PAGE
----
Craig second graders found out what hands on learning meant while attending the Meeker Classic Sheepdog Championship Trials throughout the week of September 5th.
Students had the opportunity to watch border collies compete in herding sheep, learn about service and therapy dogs, visit a petting zoo and watch an agility demonstration.
Teachers said they took their classes on the field trip because it ties into their curriculum and meets state science standards.
Shawn Steele, second grade teacher at Sandrock Elementary said the trip ties directly into the state’s science component about humans and animals interacting with one another.
“The kids are excited for the new experience. Even though it is part of our community, the event offers things they still haven’t experienced,” Steele said.
Michele Conroy, also a second grade teacher at Sandrock, said students learned that life has rules. Just like the dogs had to follow rules to win, students have to follow rules in different situations too.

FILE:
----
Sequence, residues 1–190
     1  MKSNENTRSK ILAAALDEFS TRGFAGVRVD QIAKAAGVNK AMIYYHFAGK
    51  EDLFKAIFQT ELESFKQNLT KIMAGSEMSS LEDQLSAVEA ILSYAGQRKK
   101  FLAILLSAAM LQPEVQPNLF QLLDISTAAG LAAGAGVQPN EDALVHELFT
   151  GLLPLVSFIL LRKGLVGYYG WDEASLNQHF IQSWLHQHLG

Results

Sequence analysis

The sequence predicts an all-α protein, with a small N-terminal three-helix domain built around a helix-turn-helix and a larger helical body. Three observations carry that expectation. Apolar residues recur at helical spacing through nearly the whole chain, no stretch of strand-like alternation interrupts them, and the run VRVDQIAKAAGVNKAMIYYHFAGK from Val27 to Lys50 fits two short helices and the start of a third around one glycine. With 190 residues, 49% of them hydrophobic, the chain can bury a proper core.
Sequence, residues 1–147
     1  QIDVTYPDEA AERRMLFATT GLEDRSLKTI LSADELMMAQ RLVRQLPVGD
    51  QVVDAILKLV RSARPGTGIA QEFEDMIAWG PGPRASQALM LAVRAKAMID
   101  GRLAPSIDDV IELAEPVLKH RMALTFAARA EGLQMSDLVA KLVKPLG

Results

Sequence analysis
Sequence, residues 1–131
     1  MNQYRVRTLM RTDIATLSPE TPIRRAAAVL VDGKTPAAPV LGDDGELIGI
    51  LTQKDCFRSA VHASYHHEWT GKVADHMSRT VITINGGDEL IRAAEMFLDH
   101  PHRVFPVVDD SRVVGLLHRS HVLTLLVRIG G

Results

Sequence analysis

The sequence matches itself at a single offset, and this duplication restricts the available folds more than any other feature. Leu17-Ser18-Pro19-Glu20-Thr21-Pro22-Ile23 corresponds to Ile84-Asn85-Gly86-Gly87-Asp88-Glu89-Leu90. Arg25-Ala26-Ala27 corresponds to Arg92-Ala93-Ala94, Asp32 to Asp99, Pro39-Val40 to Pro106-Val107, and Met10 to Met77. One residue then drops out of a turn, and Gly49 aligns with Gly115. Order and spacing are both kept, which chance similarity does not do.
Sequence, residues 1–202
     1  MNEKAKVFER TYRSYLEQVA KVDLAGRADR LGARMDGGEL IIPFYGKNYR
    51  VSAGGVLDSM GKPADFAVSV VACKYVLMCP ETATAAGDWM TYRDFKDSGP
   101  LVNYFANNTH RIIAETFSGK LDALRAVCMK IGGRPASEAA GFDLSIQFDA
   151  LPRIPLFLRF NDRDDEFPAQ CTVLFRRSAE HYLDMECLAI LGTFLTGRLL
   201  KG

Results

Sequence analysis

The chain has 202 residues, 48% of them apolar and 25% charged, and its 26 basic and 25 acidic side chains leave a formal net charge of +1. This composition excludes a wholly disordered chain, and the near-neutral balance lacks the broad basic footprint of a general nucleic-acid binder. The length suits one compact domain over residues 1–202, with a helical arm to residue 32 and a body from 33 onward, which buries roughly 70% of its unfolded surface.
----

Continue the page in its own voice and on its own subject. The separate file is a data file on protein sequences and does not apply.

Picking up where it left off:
“Although this is a fun field trip, it does have a learning component,” Conroy said. “We’ve been engulfing them with as much information as possible on sheep and interacting with animals.”
The students will attend Craig Sheep Wagon Days next week and have another opportunity to see interactions with animals, including sheep shearing.
And although they did learn, “service dogs help people if they’re blind or can’t hear,” said second grader Forrest Siminoe. “Oh, and you can’t pet them.” They also had fun.
Students visited the petting zoo and fed horses and a donkey, then preceded to watch a border collie agility demonstration where they oohed and ahhed over the feats performed.
“The trip lets students relate to our community and culture,” Steele said.
Learning about all types of working animals, the students met a golden doodle, Jerry, a certified therapy dog and Mik, the border collie, in a presentation on service and therapy dogs.
Shannan Koucherik, who gave the presentation said educating children about service and therapy dogs is essential for a couple of reasons.
“It’s important that they understand the dogs can do a variety of tasks to make human life better, and also that they deserve a lot of respect when they’re out and about,” Koucherik said.